The Advertising Association has formed a new AI Taskforce, bringing together senior representatives from across its membership, with the aim of building a coordinated policy approach to the technology that appears to be taking virtually every industry by storm.
The Taskforce meets for the first time this week in recognition of the rapid need to establish ethical safeguards, develop industry guidelines and work with the Advertising Standards Authority, where appropriate, to ensure the use of AI in advertising campaigns is transparent and legal, decent, honest, and truthful.
It will also explore the productivity and creativity gains for the industry and wider economic benefits for the UK, following AI’s increasing prominence as a transformative technology. The ultimate goal, however, is to ensure that advertising and marketing businesses are responsible producers, deployers and end-users of AI.
The Taskforce will also aim to ensure the UK is the best place to develop and champion AI in advertising and marketing to reinforce its position as a world-leading hub, and seek to increase the standard and clarity of industry policy on AI ethics and usage – informed by policy in related areas, such as data ethics.
While separate studies paint a different picture of how widespread AI has become in the industry – from being an essential part of the marketer’s toolkit to how ethics issues are hampering implementation at larger companies – there are escalating concerns over the UK Government’s plans for “light touch” regulation of the technology.
The first signs of discontent emerged in June, when consumer group BEUC, whose UK members include Which? and Citizen’s Advice, urged all data protection regulators to “launch investigations now” into generative AI and “not wait idly for all kinds of consumer harm to have happened before they take action”.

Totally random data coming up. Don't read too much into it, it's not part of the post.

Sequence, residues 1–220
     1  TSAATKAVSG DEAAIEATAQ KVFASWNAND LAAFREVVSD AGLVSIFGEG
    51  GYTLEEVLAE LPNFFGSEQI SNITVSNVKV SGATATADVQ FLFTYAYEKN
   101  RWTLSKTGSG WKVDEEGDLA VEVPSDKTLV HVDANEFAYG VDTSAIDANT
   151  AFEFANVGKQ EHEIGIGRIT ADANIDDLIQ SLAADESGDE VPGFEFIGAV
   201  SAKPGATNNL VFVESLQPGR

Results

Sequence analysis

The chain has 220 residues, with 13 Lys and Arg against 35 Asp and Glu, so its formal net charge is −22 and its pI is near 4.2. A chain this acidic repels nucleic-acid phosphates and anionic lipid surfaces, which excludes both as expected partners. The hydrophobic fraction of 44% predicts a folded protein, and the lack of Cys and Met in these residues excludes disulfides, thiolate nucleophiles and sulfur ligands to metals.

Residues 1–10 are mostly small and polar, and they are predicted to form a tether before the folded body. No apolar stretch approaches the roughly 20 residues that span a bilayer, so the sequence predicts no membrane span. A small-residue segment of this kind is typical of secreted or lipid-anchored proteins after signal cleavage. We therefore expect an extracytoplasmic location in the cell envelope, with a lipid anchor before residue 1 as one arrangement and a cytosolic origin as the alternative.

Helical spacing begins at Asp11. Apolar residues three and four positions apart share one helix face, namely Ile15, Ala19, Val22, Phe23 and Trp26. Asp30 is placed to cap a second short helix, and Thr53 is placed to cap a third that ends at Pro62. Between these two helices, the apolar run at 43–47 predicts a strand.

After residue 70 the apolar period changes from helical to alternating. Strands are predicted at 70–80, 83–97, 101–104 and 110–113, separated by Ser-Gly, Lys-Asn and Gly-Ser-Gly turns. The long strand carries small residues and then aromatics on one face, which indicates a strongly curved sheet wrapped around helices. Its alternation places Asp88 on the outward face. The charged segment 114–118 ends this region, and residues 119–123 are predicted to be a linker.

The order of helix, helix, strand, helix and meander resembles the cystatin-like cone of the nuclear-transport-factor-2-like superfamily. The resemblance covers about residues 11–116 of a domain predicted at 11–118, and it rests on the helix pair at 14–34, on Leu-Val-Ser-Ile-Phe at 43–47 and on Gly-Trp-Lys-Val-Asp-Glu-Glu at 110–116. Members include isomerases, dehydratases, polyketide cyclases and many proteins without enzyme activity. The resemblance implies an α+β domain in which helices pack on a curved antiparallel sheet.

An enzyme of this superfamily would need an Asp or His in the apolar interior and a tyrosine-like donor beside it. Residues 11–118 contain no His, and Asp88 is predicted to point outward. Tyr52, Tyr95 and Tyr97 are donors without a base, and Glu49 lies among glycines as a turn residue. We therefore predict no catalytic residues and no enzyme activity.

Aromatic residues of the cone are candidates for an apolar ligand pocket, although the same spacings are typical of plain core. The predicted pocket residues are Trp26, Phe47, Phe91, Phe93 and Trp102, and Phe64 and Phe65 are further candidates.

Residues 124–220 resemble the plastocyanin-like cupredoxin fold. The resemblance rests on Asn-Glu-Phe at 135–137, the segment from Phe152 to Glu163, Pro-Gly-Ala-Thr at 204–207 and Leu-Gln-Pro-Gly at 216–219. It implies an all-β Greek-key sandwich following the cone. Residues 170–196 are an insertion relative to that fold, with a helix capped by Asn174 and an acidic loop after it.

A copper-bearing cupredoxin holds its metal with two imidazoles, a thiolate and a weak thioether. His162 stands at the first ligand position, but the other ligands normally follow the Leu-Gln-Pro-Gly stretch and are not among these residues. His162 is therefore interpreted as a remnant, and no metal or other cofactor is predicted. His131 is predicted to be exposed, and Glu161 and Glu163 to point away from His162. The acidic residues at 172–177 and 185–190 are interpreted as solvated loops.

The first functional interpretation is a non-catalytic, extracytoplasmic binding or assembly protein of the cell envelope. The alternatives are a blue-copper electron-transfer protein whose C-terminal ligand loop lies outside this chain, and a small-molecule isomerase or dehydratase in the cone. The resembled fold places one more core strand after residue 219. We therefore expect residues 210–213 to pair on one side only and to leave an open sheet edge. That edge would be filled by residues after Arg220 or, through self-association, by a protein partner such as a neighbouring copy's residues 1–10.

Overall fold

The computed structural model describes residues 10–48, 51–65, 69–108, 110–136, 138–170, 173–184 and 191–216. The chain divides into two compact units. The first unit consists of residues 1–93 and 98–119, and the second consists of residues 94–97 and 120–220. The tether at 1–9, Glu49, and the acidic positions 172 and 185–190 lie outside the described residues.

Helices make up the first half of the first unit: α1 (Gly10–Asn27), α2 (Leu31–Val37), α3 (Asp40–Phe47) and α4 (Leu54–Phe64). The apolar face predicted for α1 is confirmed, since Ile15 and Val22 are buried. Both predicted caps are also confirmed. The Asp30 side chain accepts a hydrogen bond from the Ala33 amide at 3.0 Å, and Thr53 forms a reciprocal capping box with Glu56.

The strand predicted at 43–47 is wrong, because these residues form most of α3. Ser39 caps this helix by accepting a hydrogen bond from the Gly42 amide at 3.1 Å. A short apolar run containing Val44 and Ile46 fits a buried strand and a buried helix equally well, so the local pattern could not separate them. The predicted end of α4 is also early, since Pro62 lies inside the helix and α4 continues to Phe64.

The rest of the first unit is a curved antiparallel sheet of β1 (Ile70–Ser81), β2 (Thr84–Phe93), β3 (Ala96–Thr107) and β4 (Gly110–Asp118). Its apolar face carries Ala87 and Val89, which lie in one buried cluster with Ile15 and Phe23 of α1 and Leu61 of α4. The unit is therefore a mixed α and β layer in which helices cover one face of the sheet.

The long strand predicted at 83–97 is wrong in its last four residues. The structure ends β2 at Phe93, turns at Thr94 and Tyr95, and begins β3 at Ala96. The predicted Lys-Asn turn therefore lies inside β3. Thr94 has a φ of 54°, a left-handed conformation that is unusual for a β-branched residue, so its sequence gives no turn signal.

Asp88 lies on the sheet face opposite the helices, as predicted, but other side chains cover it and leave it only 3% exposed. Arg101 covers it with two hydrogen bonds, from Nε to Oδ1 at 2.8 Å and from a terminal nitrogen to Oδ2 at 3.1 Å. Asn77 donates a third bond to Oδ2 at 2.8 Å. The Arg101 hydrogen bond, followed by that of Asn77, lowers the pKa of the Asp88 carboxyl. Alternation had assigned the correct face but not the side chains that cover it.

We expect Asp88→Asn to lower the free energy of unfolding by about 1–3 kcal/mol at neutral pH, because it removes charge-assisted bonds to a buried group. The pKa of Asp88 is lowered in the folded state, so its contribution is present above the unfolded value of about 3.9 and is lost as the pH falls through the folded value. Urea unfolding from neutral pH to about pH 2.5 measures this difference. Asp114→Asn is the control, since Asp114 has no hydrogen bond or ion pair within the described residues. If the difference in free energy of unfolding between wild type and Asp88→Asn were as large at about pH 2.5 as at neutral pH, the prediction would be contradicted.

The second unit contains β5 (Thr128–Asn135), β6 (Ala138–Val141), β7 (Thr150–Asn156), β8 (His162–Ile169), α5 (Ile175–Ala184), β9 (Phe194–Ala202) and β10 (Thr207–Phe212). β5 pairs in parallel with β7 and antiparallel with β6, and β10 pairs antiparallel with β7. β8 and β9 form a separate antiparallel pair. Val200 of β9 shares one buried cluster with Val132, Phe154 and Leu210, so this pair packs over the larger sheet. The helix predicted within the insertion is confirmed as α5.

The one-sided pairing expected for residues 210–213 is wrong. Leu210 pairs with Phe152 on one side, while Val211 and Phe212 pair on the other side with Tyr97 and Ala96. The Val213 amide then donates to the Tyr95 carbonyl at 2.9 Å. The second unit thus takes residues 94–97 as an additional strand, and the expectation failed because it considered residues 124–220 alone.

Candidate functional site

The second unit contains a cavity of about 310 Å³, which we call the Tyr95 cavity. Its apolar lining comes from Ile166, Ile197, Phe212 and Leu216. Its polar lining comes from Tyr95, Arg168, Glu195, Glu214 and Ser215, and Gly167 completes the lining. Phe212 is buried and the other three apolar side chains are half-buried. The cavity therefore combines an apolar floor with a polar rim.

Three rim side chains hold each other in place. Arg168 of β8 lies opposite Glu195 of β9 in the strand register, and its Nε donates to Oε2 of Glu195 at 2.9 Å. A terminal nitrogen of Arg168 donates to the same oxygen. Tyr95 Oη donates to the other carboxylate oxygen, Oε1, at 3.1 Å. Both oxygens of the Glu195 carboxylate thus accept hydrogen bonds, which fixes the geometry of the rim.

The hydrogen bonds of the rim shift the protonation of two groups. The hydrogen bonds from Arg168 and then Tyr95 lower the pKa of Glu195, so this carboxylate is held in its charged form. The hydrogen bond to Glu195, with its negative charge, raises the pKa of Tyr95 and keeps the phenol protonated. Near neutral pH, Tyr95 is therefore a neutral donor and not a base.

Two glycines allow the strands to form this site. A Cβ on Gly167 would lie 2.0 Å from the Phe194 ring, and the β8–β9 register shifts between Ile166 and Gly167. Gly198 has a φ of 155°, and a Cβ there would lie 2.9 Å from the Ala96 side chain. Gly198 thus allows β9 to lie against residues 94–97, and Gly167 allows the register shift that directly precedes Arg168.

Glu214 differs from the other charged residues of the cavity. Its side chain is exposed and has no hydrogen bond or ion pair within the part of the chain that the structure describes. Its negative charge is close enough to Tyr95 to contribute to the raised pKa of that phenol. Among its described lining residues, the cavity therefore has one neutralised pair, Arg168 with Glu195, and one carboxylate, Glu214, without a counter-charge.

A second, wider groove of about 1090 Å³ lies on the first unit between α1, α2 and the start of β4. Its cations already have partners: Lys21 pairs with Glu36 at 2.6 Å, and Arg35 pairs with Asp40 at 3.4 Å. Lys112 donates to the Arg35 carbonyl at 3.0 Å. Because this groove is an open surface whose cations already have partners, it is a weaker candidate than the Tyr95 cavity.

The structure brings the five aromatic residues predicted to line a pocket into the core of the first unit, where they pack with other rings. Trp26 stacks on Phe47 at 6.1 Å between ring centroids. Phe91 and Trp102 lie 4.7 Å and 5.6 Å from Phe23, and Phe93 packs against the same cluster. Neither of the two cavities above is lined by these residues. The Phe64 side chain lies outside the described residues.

A month later, the UK’s Ada Lovelace Institute called for an urgent rethink, citing severely limited legal protections for consumers to seek redress when AI goes wrong.
And, earlier this month, MPs, publishers and unions joined the battle against ministers’ refusal to follow the EU and US, which are developing legislation to help protect consumers from potential threats posed by the technology.
AA chief executive Stephen Woodford said: “The establishment of our AI Taskforce comes at a critical time for AI and its use, not just in the UK but in advertising around the world. The Taskforce will focus on the ethical usage of AI in advertising as well as helping develop the UK’s role globally for AI’s influence on marketing and advertising innovation.
The Taskforce will be co-chaired by two member organisations of the AA and its Front Foot network. Google, will be represented by advertising industry relations manager EMEA Yves Schwarzbart, while VCCP is to be represented by managing partner and head of social innovation Alex Dalman.
Dalman commented: “We believe that AI can unlock tremendous potential in advertising and marketing, and that generative AI in particular will be an accelerator of human creativity and innovation — but we also believe that it must be used responsibly. So, we’re excited to be part of the AI Taskforce, where we can help to guide the industry through its latest transformation and participate in important conversations about policy, ethics, and societal impact while keeping a focus on the incredible opportunities that AI presents.”
Schwarzbart added: “With AI being the most profound technology shift that humanity is working on today, it is only right for the UK advertising industry to consider how we can be bold, yet responsible, in the way we harness the potential of AI. I am grateful to the Advertising Association for the opportunity to co-chair this important workstream together with Alex, and I look forward to helping play my part in finding the industry’s collective voice on AI and driving these discussions forward.”
Ethics issues block roll-out of AI despite ROI bonanza
Generative AI ‘now essential part of marketer’s toolkit’
Generative AI threatened by unresolved martech issues
AI to turbocharge economy but staffing threat looms
Never mind the AI threats, feel the benefits say bosses
Creatives embrace ChatGPT but ‘AI anxiety’ escalates
Robot wars: Brits spooked over ad industry’s use of AI